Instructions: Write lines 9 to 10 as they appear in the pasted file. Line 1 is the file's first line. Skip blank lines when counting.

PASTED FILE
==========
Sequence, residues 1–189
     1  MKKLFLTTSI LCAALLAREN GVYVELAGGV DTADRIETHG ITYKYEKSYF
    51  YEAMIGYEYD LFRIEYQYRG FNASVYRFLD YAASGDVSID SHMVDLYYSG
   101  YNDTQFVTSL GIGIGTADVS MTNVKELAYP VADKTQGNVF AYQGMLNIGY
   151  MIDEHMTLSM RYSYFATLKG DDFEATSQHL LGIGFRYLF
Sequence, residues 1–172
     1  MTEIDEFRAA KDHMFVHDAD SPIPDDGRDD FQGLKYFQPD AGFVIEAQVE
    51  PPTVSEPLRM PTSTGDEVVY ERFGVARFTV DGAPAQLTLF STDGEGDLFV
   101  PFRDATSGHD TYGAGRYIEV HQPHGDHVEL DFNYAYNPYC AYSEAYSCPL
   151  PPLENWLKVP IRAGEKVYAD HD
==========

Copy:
   101  PFRDATSGHD TYGAGRYIEV HQPHGDHVEL DFNYAYNPYC AYSEAYSCPL
   151  PPLENWLKVP IRAGEKVYAD HD